SA: It will cost more than $1 million for the city to fully establish two new agencies that Oahu voters approved via City Charter amendments in November.

“We’re not creating a giant bureaucracy,” Caldwell told the City Council Budget Committee during a briefing Tuesday.  (Know Them by What They Deny!)

The Department of Land Management, approved by a narrow majority — 51 percent — of those who cast general election votes, will oversee and manage all of the city’s nonpark land, including property that the city and private entities might have an interest in developing. The 2018 budget calls for a $730,612 budget with 22 new positions….

The new Office of Climate Change, Sustainability and Resiliency (no joke), adopted with the support of 59 percent of Oahu voters, will oversee and coordinate citywide efforts to reduce and fight the effects of climate change on city facilities and the community in general. It calls for an annual budget of $467,388, which includes $135,000 in each of the next two years from the Rockefeller Foundation to hire a chief resilience officer.

But of the six remaining positions assigned on the books, funding is being sought for only five of those in next year’s budget….

read … Know Them By What They Deny

Akina: Public-worker benefits need reform

SA: …This $23 billion debt not only jeopardizes the retirement plans of current and former government workers, it also could soon take money away from vital state and county services such as police, fire, education and other social services.

Whenever government salaries go up, so does the debt, and this system has led to the highest level of unfunded liabilities in the history of the state.

In the past decade, benefits for public employees in the state have risen five times faster than in the private sector, and this has worsened the pension debt crisis.

Hawaii taxpayers are footing 76 percent of the bill for government workers’ pensions and health care, despite those workers making up only 15 percent of the total workforce. This means that private sector workers, who are struggling to save for their own retirements, are also paying the retirements for public workers….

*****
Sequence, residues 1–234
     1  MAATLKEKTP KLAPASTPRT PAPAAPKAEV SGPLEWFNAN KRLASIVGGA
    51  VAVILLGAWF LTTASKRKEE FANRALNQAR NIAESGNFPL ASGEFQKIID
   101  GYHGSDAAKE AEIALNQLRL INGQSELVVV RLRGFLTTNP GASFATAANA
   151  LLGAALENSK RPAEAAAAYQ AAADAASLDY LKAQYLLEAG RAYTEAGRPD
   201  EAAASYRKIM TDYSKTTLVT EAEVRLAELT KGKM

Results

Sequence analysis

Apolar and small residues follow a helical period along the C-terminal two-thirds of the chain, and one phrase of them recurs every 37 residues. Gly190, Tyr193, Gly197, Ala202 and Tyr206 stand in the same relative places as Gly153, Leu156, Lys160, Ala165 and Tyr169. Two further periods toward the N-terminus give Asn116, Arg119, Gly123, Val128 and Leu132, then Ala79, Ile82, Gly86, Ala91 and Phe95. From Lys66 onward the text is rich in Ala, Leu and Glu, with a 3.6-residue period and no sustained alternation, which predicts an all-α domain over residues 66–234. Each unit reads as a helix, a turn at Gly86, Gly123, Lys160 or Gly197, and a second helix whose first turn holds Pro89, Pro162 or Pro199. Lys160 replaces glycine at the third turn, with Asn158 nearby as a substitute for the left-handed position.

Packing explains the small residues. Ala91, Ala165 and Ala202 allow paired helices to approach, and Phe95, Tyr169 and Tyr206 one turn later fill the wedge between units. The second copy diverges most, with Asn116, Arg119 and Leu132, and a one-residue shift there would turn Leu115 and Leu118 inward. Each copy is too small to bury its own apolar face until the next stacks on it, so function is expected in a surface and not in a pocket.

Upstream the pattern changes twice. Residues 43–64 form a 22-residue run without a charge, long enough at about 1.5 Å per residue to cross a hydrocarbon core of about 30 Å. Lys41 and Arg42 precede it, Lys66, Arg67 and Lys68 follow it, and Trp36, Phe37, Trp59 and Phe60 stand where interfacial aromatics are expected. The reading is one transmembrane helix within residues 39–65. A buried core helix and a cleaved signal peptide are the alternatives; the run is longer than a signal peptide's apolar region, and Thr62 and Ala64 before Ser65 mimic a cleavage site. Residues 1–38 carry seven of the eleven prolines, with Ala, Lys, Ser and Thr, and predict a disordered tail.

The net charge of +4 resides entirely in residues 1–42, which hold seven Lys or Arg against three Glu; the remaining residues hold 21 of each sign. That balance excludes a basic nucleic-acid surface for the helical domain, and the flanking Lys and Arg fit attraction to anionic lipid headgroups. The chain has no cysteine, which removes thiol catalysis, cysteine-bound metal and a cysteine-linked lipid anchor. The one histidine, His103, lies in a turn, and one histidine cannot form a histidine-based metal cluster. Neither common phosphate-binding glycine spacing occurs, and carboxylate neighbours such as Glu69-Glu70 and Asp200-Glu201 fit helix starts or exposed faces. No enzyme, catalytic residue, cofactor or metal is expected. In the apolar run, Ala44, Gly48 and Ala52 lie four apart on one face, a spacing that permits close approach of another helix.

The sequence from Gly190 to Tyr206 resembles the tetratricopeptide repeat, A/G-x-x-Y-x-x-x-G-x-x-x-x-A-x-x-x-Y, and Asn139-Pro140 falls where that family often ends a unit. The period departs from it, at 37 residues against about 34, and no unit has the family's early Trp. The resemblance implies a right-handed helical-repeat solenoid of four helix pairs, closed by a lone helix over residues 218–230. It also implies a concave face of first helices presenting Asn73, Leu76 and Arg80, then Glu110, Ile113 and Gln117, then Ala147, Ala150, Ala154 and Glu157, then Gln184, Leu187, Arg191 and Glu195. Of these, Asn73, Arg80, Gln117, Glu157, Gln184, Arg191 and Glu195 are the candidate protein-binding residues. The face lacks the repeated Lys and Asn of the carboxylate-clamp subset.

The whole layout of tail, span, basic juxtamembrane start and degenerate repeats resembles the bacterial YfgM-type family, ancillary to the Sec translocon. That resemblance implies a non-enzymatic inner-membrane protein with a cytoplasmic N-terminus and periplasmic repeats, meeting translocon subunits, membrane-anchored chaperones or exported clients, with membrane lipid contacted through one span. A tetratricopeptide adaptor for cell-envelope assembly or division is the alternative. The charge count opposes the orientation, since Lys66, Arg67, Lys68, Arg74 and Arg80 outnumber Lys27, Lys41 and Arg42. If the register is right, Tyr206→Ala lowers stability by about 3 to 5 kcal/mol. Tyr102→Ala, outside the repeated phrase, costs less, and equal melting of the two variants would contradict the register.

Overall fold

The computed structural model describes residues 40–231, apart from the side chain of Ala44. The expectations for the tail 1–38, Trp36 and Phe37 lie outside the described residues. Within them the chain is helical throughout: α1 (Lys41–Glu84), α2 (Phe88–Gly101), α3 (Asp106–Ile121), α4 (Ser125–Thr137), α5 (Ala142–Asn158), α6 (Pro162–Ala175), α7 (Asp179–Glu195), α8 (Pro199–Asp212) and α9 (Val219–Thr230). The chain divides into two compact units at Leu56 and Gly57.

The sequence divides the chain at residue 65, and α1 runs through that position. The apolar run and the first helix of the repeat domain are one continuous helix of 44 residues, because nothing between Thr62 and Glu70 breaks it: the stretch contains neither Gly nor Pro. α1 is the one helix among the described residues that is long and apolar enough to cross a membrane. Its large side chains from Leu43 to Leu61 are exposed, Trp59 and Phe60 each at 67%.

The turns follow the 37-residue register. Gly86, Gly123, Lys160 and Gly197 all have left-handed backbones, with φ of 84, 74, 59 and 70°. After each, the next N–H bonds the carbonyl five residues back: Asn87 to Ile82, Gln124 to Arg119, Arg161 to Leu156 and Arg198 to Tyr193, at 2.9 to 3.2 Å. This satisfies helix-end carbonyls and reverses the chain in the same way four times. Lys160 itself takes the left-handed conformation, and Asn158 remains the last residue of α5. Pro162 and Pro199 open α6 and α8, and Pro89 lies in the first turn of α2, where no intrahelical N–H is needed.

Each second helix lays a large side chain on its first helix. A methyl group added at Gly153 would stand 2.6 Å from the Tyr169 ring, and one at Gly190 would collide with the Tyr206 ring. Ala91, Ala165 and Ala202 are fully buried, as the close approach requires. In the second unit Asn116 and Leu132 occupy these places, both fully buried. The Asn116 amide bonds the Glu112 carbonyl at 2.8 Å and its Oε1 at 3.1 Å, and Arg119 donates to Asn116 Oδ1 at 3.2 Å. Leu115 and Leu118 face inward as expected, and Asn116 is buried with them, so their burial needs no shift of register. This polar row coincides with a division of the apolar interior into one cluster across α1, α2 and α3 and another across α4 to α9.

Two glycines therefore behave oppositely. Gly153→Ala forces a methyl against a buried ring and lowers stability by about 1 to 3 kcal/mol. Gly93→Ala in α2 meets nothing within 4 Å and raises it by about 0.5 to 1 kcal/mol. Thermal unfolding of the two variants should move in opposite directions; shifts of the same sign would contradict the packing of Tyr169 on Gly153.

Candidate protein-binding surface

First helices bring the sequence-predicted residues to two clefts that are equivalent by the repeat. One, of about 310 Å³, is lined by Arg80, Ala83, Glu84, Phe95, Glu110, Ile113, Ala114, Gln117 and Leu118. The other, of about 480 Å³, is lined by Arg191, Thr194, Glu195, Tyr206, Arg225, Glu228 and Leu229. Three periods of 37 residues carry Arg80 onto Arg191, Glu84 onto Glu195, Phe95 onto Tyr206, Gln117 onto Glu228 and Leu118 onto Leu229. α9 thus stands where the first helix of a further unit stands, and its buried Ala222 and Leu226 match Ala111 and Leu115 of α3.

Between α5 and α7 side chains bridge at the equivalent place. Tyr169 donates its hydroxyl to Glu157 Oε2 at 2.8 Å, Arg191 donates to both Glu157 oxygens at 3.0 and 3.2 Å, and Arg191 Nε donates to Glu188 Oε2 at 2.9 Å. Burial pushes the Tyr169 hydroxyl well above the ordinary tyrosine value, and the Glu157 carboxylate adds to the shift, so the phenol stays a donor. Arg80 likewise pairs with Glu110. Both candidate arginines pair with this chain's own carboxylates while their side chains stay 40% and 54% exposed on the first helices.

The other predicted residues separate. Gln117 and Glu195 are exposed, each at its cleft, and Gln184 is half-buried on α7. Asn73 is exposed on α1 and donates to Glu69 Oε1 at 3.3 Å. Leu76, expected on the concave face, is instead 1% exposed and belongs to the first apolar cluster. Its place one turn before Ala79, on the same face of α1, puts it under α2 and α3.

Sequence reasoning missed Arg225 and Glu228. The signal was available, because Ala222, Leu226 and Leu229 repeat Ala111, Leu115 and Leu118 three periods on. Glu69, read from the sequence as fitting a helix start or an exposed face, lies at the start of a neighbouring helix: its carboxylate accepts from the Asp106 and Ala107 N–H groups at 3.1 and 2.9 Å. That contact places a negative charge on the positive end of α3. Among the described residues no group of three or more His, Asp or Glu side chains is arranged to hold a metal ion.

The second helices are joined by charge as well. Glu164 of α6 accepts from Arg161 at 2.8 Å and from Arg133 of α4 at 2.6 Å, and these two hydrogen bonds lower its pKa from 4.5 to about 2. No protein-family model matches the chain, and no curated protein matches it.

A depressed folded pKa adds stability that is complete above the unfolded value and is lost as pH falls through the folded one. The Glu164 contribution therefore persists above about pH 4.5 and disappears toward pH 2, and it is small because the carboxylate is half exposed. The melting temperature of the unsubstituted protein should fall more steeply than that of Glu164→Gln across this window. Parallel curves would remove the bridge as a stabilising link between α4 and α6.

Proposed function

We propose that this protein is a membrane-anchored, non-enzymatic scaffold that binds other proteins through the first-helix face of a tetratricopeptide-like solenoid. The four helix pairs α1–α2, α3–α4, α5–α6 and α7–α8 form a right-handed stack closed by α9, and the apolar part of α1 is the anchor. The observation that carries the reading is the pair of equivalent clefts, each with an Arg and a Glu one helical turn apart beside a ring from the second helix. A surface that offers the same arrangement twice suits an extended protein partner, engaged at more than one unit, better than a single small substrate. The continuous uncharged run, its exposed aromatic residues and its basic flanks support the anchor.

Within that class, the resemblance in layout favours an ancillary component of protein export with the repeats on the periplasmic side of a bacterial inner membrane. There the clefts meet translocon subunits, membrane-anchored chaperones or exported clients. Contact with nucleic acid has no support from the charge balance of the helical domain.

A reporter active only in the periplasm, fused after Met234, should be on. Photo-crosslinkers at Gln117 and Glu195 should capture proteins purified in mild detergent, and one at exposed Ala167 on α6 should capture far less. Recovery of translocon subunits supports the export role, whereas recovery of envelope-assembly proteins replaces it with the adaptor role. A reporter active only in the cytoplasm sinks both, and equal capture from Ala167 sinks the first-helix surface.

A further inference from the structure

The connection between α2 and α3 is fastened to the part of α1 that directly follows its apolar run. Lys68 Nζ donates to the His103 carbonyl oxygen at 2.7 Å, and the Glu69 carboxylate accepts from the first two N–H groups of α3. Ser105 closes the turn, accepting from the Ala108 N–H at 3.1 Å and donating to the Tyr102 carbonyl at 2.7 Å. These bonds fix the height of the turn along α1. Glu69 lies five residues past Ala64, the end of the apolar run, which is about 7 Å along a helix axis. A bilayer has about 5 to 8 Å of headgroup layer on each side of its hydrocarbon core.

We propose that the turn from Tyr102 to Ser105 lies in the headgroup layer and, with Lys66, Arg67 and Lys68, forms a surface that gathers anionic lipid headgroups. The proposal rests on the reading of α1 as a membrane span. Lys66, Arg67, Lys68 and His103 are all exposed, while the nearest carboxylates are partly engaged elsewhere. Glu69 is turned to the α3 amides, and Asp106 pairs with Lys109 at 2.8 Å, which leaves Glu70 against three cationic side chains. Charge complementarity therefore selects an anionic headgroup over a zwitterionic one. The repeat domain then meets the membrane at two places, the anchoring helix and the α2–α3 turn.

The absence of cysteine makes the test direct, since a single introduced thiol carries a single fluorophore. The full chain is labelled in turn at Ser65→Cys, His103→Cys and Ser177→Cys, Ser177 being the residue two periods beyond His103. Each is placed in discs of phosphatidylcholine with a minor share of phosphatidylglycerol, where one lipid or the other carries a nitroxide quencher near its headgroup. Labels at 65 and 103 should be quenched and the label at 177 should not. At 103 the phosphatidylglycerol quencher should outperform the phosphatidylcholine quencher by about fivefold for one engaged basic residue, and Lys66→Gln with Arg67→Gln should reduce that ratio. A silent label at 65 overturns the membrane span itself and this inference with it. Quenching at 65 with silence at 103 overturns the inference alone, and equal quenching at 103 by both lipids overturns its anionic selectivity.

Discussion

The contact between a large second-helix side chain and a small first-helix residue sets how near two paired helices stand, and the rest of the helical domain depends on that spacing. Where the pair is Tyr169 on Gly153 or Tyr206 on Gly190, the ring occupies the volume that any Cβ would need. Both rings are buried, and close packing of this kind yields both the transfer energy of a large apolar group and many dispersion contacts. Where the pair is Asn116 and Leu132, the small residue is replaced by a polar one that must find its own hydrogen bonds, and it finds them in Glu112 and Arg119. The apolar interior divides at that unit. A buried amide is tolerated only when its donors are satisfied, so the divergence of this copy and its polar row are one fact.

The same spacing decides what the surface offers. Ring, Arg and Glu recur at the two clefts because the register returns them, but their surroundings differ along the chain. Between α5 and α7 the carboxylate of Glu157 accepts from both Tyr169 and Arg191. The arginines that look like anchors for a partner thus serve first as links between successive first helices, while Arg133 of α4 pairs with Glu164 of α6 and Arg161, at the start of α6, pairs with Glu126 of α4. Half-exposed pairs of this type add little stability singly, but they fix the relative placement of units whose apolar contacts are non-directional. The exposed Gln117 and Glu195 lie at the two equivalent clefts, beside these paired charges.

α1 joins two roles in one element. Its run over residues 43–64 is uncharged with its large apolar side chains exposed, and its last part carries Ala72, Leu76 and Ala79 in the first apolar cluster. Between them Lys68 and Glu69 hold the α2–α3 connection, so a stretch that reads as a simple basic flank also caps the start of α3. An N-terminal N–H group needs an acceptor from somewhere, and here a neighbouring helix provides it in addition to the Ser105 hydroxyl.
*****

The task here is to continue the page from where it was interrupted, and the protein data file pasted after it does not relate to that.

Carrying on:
read … Reform

BOE Search: Matayoshi Should Apply

SA: …The Harold K.L. Castle Foundation withheld its $50,000 grant funding the superintendent search, asserting a lack of confidence that the process could be even-handed. The BOE suspended the search. Galera stepped away as a job applicant, and immediately the search resumed.

It’s distressing (fortunate) that a private foundation with a mere $50,000 could have such an outsized influence on a process that should be run independently by the school board (but can’t be because they are all Ige cronies).

This raises the issue of the job description for the next superintendent. What’s surprising is that the criteria provide the outline of a candidate who sounds a lot like Matayoshi. For example, here’s one element:

“Minimum of five years in progressively increasing leadership roles in public or business administration working with multi-year strategic planning and budgeting. At least five years shall have been in an executive capacity leading a diverse senior team in a large multigeographic organization, and at least three shall have been in an educational environment.”